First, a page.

In the late 1990s, music business entrepreneur David Fishof had the idea of giving fans the opportunity to not only meet their rock star idols but play beside and learn from them as well. Since then, over 5,000 people have attended 69 monthly events, and lives have been touched by the rock ‘n’ roll gods. Directors Doug Blush and Renee Barron tell the story of this unique experience with their captivating documentary Rock Camp: The Movie.
Immediately, Fishof comes off as a loveable eccentric. Before pairing fans with rock stars, he worked behind the scenes for The Monkees, Ringo Starr, and several notable football and baseball players. His years in the industry gave him access to the music elite, and apparently, they liked him and trusted him. It’s easy to see why—known to be a bit of a showman himself, he comes off as a happy guy, always smiling. Granted, it’s one thing to pack the fans in, but it’s entirely another to get professional musicians who have spent their lives touring the world to agree to do this. The thing is, they showed up.
After meeting Fishof, the narrative bounces between several campers, who are normal, everyday people with families and jobs who just happen to love rock ‘n’ roll. For a couple of them with special needs children, it’s extremely personal. Music is the common language they share with their kids, and this is an opportunity to experience a lifelong dream with them. Some of the stories are quite emotional, and you feel the pride when a dad is rocking out with his son or watching him play on stage with Paul Stanley.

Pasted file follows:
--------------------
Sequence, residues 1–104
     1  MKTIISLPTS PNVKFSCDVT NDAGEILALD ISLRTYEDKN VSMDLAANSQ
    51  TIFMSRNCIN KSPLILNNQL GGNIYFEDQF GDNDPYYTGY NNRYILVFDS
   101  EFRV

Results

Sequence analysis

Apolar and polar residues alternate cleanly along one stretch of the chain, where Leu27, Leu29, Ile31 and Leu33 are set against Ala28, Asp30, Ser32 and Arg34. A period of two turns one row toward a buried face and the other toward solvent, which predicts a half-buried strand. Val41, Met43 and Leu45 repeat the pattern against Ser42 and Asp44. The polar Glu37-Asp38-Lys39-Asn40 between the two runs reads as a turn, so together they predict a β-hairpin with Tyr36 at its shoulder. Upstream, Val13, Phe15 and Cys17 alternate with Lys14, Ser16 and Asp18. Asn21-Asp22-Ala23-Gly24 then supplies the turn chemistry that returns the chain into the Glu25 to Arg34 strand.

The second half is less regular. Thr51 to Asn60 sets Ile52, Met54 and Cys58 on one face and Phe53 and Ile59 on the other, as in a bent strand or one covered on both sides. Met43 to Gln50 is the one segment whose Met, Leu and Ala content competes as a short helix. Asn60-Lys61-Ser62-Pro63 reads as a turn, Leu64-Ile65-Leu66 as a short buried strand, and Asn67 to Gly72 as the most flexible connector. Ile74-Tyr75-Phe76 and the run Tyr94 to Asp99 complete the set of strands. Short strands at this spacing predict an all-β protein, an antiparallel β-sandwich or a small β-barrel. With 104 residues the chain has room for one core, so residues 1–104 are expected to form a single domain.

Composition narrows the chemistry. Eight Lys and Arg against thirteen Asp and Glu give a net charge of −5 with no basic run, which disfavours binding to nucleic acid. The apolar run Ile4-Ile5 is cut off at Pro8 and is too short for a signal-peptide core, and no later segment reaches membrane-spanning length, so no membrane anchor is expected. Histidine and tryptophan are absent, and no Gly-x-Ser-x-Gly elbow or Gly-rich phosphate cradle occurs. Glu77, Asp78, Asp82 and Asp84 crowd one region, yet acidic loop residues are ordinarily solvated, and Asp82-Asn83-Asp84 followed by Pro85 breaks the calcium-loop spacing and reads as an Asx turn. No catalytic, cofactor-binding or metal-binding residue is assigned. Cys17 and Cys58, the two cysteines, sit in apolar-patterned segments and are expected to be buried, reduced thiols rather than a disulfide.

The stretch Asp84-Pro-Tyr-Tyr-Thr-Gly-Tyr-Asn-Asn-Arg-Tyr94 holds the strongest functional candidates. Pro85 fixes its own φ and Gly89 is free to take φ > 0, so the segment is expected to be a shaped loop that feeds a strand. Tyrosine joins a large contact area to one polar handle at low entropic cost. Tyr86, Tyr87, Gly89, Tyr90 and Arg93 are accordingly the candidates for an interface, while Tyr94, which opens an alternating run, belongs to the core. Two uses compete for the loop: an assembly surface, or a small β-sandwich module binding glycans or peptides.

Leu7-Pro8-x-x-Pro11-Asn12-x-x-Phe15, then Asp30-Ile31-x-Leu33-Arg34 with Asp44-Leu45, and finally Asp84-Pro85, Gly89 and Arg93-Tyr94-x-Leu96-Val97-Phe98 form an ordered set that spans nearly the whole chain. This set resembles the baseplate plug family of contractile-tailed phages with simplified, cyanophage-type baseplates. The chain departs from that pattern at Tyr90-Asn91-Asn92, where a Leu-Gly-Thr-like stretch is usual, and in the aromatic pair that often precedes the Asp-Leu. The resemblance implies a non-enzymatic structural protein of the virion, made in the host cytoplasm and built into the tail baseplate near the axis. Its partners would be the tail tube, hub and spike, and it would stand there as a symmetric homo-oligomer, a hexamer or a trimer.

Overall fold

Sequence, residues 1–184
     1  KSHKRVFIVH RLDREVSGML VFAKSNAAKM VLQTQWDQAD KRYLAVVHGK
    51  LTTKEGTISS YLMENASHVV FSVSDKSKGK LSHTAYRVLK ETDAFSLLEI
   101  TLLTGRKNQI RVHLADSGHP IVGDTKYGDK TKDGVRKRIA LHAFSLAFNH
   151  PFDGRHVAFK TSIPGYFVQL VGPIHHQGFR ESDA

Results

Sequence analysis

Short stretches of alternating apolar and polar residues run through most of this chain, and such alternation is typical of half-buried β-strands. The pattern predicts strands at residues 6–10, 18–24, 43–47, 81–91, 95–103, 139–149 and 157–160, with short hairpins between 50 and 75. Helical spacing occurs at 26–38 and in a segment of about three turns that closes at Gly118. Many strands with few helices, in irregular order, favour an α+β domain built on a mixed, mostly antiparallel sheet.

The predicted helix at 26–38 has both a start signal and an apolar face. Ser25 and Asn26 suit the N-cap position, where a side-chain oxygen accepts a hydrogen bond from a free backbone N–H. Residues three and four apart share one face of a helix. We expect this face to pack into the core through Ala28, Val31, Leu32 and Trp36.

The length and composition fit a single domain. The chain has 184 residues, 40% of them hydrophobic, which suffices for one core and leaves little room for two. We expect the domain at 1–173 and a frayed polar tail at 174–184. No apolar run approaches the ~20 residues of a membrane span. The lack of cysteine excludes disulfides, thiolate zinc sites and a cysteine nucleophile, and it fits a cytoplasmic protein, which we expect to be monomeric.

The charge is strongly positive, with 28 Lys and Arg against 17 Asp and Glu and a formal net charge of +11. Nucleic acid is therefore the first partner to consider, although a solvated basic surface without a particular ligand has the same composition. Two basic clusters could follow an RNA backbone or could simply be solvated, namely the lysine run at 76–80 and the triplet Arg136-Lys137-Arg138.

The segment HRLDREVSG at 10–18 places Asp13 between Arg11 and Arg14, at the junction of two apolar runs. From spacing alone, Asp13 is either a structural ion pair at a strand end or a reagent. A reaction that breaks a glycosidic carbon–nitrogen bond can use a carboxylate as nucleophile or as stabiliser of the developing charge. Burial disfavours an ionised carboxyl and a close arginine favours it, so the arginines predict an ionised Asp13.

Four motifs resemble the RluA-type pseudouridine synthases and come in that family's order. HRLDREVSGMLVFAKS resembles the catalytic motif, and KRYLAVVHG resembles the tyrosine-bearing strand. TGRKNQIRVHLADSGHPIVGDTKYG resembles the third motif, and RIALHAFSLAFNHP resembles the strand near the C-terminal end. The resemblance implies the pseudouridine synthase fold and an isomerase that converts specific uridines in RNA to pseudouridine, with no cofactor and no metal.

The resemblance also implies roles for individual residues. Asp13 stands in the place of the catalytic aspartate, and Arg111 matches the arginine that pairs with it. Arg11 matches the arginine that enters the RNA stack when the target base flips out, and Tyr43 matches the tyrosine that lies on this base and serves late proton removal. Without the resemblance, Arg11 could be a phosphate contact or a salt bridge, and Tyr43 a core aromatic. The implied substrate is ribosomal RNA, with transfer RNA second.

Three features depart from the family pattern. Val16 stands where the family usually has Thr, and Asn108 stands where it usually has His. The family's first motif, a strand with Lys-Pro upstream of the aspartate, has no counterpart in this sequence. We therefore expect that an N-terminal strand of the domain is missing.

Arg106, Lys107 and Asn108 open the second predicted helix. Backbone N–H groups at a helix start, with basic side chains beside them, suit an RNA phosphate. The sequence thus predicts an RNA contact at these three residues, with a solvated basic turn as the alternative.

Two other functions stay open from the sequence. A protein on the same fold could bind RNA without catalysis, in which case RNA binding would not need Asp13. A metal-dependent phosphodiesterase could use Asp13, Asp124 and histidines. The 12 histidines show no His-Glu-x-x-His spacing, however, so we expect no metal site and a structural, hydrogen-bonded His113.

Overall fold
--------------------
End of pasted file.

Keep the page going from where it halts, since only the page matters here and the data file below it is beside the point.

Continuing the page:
“…giving fans the opportunity to not only meet their rock star idols but play beside and learn from them as well.”
Perhaps the most surprising thing we see here is how humble and honest these musicians are when interacting with their fans. Rather than arrogant “golden gods,” they’re ready to share their knowledge, experience, and war stories with the campers. Suddenly, it’s less about ego and more about fun, whether it’s Heart’s Nancy Wilson admitting she made a major mistake or Rob Halford and Richie Faulkner (Judas Priest) laughing about how they mess up onstage all the time. Even Paul Stanley and Gene Simmons from KISS, two guys who are certainly not known for their humility, come off as gracious participants in this journey. There’s a reason folks like Roger Daltrey (The Who), Alice Cooper, Tony Franklin (Roy Harper/ The Firm), Joe Perry (Aerosmith), Teddy “Zigzag” Andreadis (Guns N’ Roses), and Lita Ford keep returning for more.
Thanks to directors Blush and Barron, we get an in-depth look at the program. Whether rock star, camper, or Fishof himself, everyone seems completely comfortable in front of the camera. Of course, Rock Camp: The Movie is one long ad for the Rock and Roll Fantasy Camp brand, but it’s so chock full of enthusiasm, passion, and fun you don’t care. By the end, you’re ready to sign up and have the experience for yourself.
The past year has been difficult for everybody. Isolation, job loss, and civil unrest have become the order of the day. We could all use a good pick-me-up, and Rock Camp: The Movie fulfills that role. If you’ve ever played an instrument, be in a band, been to a concert, or you’re just an avid rock ‘n’ roll fan, you’ll escape into the fantasy and have some well-deserved fun.
"…the most surprising thing we see here is how humble and honest these musicians are when interacting with their fans."